I have carried a grudge against Arsenio Hall since 1992 when I appeared on his TV show to promote a book and he publicly humiliated me. I was there to promote my autobiography, which I now wish I hadn’t written — in fact, I’ve expressed my regrets so often over the years about that, they’ve probably gotten boring. So, back to 1992: There was a hot new fashion item at the time — a Donna Karan bodysuit called a “cold shoulder.” It was a black long-sleeved stretch body suit, with a mock turtleneck and the shoulders cut out, hence the name cold shoulder. It was expensive — a few hundred dollars, and I bought it through the Bloomingdale’s catalogue because the store had run out. I’d never paid that much for an item of clothing, so this was a big deal for me. I decided to wear it for the first time on the Arsenio Hall Show. There was no way to wear a bra with it, but it looked fine at home. When I got the studio and they put me in the dressing room, I looked in the mirror with bright lights all around it and was horrified to discover you could see through the fabric.

I was alone, no one was with me, and I didn’t know what to do. So I draped my long hair over my chest, strategically placing it, hoping it would stay like that. When I sat down with Arsenio, he spoke to me for maybe 2 minutes before saying, “I gotta tell you something. You need a bra.” The entire audience hooted with laughter — at me. I was so mortified, I have no memory of the rest of the interview. That public humiliation has stayed with me all these years, and made me hold a serious grudge against Arsenio Hall. It was one of the meanest things that had ever been done to me.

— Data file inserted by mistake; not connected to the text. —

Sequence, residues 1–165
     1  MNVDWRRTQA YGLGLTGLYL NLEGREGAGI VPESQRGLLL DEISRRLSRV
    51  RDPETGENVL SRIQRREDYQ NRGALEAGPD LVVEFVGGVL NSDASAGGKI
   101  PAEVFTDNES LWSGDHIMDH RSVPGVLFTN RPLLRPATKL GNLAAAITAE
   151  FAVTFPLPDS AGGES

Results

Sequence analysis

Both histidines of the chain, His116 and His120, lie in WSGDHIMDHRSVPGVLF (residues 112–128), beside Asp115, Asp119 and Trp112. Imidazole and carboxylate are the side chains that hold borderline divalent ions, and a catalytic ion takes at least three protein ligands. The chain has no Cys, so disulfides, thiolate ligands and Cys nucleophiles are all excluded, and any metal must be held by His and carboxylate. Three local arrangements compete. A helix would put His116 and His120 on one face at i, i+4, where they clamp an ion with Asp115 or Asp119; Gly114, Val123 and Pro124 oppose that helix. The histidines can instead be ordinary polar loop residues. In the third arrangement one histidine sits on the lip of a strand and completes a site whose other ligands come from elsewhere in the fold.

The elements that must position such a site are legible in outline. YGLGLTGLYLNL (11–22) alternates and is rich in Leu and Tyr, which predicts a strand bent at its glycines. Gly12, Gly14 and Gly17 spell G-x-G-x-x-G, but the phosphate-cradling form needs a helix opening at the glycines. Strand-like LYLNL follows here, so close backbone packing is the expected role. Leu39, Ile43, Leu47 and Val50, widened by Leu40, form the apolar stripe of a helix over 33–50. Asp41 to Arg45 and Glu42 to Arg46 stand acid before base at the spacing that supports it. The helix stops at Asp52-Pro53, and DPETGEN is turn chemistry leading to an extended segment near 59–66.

Recently, I was channel-surfing and stumbled upon an interview with Arsenio promoting his new show. He was talking about how he had changed and grown over the years, how he lived his life differently, more kindly, how becoming a father has changed his priorities. I thought, I want people to forgive me for my past mistakes. I want them to acknowledge that I’ve moved on, learned from the things I now regret. It’s completely hypocritical of me to not be that generous to someone else. It was a revelatory moment for me. We can’t really expect others to do for us what we aren’t willing to do for them. So…grudge over, I wish Arsenio Hall the best of luck with his new show, his new way of living his life, and I’m grateful that I happened to see his interview.


  1. I came upon this post circuitously via Facebook. I so much agree that we have to practice what we want others to give us. It can’t be said enough. Marianne Williams wisely added (probably paraphrasing here), “It doesn’t mean you have to do lunch.”

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